• Click Here to Kill Everybody by Bruce Schneier. This book is about the current status and dangers of cybersecurity, and how we solve them. In the second half of the book, he advocates for stronger and better rules and regulations for internet policies, and outlines some plans for how it’s possible to achieve them.
  • Weapons of Math Destruction By Cathy O’Neil. This book explores how big-data algorithms are increasingly used in ways that reinforce pre-existing inequality. While it doesn’t provide many solutions, this book laid the groundwork for a lot of the momentum in fields related to computational social science and algorithmic fairness.
  • The Ethical Algorithm by Aaron Roth and Michael Kearns. I view this book as a continuation and response to Weapons of Math Destruction, it details how algorithms can be designed to be more “socially aware.” It provides a high-level synopsis for investigating how computer science researchers are fighting inequity in algorithms, using algorithms. I think this book could be particularly informative to students interested in research fields as public interest technologists.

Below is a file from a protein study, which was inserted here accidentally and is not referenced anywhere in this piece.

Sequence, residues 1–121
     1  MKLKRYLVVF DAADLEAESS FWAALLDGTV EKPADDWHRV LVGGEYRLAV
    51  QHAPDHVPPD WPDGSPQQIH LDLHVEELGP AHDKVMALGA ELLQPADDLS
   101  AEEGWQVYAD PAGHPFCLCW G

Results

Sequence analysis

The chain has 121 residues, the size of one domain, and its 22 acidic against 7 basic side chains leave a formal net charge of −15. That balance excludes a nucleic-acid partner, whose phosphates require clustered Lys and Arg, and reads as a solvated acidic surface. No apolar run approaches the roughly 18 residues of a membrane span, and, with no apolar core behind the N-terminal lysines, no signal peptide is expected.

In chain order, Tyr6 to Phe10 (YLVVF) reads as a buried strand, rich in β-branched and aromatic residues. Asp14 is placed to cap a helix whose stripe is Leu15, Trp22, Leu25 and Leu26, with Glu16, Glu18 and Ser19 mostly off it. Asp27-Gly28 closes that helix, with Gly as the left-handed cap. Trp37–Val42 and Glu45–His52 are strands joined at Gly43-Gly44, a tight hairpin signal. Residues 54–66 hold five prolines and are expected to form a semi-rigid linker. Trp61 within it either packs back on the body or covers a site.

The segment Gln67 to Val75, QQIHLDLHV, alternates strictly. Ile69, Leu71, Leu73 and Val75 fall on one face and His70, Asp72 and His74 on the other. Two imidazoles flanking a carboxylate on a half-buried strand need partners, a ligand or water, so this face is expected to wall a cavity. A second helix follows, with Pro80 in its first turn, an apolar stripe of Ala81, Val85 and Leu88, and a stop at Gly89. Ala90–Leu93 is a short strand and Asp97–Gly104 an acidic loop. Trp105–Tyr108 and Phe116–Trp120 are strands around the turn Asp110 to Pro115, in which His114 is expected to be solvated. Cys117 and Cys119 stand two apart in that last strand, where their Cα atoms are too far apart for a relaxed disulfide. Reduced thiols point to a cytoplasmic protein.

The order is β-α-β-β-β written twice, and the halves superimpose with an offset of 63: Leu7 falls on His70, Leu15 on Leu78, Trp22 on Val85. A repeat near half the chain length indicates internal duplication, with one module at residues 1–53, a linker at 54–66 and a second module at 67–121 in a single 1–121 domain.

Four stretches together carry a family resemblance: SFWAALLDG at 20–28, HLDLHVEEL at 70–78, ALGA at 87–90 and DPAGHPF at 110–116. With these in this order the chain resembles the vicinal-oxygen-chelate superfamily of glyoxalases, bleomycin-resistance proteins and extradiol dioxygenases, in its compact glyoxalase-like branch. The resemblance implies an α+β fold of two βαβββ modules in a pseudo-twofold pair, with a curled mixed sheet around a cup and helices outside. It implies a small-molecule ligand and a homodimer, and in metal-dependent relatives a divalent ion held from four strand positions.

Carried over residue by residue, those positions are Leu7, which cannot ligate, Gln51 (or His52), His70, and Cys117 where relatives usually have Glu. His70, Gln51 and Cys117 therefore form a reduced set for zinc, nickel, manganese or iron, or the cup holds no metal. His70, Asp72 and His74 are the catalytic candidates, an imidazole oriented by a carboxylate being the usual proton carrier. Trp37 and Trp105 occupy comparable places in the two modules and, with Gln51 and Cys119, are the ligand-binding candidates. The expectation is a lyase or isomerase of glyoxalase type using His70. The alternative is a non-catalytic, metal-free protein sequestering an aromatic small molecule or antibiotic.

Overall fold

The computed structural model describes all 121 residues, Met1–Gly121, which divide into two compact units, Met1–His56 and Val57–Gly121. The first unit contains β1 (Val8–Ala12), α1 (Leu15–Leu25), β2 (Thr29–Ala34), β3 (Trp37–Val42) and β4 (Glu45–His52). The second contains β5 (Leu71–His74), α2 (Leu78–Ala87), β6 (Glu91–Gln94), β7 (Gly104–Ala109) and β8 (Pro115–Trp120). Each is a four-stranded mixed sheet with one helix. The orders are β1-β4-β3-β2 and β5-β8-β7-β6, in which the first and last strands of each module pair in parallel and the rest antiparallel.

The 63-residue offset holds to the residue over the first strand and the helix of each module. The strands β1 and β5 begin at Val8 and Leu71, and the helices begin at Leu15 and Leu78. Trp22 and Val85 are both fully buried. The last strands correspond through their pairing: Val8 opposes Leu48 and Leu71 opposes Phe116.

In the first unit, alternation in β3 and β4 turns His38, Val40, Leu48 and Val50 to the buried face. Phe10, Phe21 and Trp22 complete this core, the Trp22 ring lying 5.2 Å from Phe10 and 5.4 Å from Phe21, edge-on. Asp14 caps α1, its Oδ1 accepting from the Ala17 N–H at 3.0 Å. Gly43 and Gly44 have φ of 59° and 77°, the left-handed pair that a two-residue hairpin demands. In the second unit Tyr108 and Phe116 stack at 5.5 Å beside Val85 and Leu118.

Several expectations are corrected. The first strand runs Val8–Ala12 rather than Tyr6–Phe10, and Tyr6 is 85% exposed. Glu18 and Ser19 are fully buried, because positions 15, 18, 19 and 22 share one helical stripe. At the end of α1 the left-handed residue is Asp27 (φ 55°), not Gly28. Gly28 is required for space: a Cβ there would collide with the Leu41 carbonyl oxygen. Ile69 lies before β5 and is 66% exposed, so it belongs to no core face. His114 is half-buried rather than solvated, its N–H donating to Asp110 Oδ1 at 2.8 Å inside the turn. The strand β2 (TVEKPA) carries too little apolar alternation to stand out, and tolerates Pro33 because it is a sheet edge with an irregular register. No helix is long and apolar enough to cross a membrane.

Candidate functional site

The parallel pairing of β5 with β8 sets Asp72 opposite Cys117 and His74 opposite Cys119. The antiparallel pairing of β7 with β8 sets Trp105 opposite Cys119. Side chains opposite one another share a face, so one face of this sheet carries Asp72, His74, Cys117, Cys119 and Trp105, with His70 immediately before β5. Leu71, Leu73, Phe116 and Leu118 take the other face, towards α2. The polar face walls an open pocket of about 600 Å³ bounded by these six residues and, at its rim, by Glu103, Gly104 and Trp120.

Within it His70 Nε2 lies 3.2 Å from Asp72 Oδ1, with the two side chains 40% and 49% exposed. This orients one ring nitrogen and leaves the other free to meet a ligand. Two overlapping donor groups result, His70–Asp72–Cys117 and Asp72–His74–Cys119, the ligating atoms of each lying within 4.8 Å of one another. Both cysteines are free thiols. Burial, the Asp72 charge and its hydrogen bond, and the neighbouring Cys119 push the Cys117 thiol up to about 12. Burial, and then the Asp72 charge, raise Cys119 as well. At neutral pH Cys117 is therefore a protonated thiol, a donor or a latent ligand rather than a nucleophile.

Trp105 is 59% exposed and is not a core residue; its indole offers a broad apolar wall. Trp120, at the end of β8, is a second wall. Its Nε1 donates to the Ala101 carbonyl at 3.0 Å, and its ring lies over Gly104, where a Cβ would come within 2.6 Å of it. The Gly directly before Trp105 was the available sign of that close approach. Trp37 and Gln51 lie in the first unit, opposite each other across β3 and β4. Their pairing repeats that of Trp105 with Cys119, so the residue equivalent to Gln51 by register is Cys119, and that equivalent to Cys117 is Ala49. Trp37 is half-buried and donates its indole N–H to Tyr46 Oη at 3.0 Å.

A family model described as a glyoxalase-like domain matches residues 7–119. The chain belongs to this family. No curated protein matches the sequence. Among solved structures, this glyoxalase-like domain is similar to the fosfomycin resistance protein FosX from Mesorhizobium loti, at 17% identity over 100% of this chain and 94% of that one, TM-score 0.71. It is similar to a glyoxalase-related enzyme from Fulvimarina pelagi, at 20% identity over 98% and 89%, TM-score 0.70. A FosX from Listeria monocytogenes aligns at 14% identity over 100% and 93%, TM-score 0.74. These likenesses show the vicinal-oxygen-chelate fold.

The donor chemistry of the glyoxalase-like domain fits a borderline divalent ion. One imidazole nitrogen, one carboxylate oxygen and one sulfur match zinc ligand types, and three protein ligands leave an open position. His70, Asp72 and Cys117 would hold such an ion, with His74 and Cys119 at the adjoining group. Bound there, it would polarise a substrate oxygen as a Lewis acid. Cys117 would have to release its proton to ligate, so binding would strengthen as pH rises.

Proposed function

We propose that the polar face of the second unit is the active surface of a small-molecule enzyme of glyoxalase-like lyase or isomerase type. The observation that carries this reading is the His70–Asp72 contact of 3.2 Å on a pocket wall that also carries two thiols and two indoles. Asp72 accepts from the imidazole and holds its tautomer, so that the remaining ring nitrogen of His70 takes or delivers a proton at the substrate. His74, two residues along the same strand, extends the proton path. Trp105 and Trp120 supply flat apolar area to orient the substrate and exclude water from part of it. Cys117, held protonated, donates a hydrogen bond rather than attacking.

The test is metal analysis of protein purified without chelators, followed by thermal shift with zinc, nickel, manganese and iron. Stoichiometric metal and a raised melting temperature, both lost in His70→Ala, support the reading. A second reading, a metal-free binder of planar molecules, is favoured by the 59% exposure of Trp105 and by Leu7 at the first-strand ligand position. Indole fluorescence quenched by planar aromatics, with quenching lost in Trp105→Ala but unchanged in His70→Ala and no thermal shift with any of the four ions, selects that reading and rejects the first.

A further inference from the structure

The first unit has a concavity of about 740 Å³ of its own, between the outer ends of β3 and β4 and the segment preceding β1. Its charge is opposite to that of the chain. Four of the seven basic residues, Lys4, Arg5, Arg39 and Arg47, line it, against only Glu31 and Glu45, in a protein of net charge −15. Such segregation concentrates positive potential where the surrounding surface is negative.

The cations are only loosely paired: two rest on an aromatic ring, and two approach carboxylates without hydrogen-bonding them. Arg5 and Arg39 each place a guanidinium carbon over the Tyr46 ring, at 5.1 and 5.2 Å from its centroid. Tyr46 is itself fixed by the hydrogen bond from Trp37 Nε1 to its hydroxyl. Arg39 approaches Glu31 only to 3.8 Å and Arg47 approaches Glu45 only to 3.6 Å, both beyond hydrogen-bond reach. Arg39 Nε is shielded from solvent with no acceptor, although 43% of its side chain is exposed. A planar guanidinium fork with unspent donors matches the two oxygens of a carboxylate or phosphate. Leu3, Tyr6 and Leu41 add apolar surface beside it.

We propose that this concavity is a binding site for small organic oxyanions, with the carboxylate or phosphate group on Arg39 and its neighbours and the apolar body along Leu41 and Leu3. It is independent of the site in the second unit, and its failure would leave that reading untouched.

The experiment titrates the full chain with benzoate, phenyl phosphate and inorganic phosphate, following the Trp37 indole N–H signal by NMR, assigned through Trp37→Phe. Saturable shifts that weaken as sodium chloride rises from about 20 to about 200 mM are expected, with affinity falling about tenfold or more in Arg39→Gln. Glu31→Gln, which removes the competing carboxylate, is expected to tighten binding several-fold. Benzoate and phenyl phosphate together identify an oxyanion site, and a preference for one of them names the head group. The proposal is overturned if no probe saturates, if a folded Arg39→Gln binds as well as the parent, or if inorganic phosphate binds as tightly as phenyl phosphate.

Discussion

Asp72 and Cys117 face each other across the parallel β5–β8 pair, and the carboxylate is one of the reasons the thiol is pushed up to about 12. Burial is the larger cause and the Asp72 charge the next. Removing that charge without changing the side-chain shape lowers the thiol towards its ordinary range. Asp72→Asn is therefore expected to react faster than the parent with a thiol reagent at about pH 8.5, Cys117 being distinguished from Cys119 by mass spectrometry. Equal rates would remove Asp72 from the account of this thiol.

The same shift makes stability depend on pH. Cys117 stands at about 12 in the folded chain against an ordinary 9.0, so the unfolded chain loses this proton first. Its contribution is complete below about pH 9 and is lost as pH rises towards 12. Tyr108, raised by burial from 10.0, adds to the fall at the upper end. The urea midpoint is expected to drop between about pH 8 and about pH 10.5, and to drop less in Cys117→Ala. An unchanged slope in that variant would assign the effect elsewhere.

• The Precipice: Existential Risk and the Future of Humanity by Toby Ord. This book is about existential threats to humanity and what we can do about them. He assesses that the majority of the risk is from anthropogenic risks from things that are related to technology, specifically: 1. Nuclear Winter, 2. Engineered Pandemics, 3. Climate Change, 4. Unaligned AI (in no particular order). Working on existential risk reduction is a great (and often under-valued) way to be a public-interest technologist. If this interests you, I recommend the 80,000 Hours article How to use your career to help reduce existential risk.

Effective Altruism